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Canada Thistle (Cirsium arvense)

Canada Thistle (Cirsium arvense)

 
   Canada Thistle 

 

Identification:

Appearance: Perennial herbaceous plant, 2 - 5' tall with slender grooved stems that branch only at the top. It has male and female plants.

Leaves: Alternate, smooth, oblong, tapering, and directly attached to the stem, deeply divided, with prickly margins.

Flowers: Numerous small purple flowers appear on top of the upper branched stems between June and September.

Seeds: Small light brown seeds are tufted for dispersal by the wind. Seeds remain viable in the soil for over 20 years.

Roots: Each plant has a fibrous taproot with wide spreading horizontal roots. Each small section of root can form a new plant enabling the plant to spread vegetatively.

Reasons Canada Thistle is a Problem:

  • Canada thistle invades natural areas such as prairies, savannas, glades and dunes if some degree of disturbance already exists.
  • Invades wet areas with fluctuating water levels such as stream banks, sedge meadows and wet prairies.
  • Once established Canada thistle spreads quickly, replacing native plants
  • Seeds are carried by wind and have high dispersal rates.
  • Seeds remain viable in soil for up to 20 years.
  • Also spreads vegetatively through horizontal roots, up to 10 -12' in one season.
  • Canada thistle occurs throughout the northern U.S. from northern California to Maine and southward to Virginia and in Canada.

Other Info:

Unlike its name suggests, Canada thistle is not native to Canada, but to Europe. It is well suited to growth in most of North American and as one of the most problematic agricultural plants has been declared a noxious weed in 43 states. Canada thistle is a rapid colonizer of disturbed areas, especially along roadsides. Plants growing on healthy prairies often produce little seed. However, the seed of Canada thistle is its most problematic characteristic. The tufted, fluffy seeds are easily carried by the wind, I have watched one large conglomerate float from just north of Kettlehold Marsh to far over the western oak savanna, where it showed no signs of coming down. This is a convenient way to get rid of our unwanted seeds, but means dispersal and recruitment from the rest of the local region is difficult to control. McKnight Prairie is an especially good place to view veritable thistle seed snow showers in the late summer. And then when it falls, Canada thistle seed remains viable in the soil for 20 years, meaning eradication efforts must be persistent and committed. The Arboretum experiences its most problems with Canada thistle in the newer prairie plantings, those that are in their first three growing seasons. Other particularly bad patches include the southwest portion of the '96 field, and the far southern end of the eastern Oak savanna. By the 2005 summer the latter patch had reached near species homogeneity in sections and was burned in the fall of '05 so that seedlings could be sprayed early the next spring.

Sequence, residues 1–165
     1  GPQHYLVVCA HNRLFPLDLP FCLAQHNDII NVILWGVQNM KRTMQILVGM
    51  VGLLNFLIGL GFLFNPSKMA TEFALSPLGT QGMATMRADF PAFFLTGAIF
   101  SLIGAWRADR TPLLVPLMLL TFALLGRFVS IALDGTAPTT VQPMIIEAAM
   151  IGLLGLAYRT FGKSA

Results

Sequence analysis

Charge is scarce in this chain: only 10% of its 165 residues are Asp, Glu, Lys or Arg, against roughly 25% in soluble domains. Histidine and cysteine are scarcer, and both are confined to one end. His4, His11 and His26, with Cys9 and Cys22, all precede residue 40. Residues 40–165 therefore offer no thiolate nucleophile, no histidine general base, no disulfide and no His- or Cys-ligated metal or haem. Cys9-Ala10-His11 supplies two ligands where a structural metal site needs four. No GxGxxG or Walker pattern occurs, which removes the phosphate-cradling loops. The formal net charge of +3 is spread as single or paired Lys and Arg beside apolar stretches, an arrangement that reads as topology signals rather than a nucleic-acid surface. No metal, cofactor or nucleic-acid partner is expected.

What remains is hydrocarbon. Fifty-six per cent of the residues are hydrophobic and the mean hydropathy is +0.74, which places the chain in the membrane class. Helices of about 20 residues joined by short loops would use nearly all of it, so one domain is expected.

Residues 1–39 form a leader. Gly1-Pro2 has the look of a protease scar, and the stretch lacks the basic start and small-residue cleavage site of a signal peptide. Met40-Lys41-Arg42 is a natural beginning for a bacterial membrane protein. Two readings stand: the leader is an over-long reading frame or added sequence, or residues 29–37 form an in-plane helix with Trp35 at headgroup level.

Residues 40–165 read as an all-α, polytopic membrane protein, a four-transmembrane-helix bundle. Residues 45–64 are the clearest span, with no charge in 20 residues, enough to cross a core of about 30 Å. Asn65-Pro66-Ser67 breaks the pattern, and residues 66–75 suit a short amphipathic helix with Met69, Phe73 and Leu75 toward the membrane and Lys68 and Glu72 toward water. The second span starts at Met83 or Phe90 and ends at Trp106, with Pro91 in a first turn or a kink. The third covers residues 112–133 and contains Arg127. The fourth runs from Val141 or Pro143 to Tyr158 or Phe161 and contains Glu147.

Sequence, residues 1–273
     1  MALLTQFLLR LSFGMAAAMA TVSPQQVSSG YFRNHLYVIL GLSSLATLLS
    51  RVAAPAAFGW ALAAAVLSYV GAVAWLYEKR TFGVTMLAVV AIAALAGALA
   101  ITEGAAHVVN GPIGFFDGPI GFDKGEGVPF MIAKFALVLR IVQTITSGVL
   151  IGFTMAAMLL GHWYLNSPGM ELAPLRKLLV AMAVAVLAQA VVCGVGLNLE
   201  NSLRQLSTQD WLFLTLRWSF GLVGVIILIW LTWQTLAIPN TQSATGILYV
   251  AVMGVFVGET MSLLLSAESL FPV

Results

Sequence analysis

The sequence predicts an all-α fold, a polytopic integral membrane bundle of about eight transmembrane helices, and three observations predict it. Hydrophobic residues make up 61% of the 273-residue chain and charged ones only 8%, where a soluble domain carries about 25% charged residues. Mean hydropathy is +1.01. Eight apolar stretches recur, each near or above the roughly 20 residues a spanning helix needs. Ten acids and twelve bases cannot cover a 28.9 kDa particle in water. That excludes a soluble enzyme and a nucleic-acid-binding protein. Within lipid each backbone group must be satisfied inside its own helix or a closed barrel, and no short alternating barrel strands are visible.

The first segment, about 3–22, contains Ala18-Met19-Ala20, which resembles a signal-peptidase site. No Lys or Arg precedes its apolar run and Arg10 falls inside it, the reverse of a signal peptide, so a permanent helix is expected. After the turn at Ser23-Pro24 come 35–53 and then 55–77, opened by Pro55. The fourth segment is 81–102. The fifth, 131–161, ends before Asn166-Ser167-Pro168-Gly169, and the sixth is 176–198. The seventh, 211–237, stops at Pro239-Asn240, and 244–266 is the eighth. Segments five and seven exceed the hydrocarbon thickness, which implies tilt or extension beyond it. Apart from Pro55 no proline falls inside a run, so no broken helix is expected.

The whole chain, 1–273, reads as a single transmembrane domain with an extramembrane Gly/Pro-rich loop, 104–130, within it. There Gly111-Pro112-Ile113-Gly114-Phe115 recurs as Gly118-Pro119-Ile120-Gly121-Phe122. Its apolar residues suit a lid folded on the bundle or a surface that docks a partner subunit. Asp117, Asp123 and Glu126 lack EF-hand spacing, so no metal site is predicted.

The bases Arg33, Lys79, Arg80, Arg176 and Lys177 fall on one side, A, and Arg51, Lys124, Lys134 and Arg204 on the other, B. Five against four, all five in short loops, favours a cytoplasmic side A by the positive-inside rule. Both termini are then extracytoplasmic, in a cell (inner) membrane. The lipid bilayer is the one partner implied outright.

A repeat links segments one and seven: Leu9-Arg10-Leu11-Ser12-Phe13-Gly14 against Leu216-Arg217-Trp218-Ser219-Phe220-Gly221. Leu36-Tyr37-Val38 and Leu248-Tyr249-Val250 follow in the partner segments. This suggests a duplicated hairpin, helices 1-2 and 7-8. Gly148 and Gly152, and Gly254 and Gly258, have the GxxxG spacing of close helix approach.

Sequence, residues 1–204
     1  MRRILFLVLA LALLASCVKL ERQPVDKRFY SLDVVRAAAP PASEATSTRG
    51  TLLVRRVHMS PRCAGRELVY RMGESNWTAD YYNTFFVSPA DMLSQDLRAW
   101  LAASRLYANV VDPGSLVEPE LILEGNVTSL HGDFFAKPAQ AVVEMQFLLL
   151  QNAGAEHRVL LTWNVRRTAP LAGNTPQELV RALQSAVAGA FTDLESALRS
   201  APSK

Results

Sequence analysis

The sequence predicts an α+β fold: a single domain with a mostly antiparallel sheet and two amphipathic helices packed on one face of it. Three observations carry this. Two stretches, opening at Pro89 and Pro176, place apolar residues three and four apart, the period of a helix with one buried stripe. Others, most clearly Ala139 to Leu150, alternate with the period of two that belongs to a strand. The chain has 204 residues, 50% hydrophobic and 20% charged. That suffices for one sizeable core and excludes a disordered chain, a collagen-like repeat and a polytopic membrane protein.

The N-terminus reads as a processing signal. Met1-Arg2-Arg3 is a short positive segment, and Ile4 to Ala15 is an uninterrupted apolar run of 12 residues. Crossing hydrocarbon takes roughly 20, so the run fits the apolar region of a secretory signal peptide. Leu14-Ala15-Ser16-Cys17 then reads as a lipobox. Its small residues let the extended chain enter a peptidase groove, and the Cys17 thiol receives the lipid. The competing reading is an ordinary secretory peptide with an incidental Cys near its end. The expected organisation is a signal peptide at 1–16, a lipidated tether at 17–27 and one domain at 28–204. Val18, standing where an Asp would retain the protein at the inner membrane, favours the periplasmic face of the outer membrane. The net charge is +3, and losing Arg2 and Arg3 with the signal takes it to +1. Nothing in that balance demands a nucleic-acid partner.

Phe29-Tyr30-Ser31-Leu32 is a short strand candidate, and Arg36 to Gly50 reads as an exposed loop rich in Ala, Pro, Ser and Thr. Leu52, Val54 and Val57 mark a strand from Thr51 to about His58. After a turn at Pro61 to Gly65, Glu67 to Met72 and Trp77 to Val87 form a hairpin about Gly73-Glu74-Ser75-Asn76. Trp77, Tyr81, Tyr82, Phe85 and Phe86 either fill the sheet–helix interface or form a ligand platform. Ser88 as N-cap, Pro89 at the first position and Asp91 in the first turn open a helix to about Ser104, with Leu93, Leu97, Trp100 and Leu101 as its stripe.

Cowling Arboretum Procedures for Removal:

Because of the dispersal abilities and long life of Canada thistle seed, eradication efforts are concentrated in the early summer during June and early July. Backpack sprayers are used to spray individual plants with herbicide, the process often requires large amounts of time walking back and forth across new prairies searching for small specimens. Occasionally, if some large patches are not herbicided before the creation of seed, the tactic switches to large scale collection of seed into plastic bags, to prevent its release into the environment.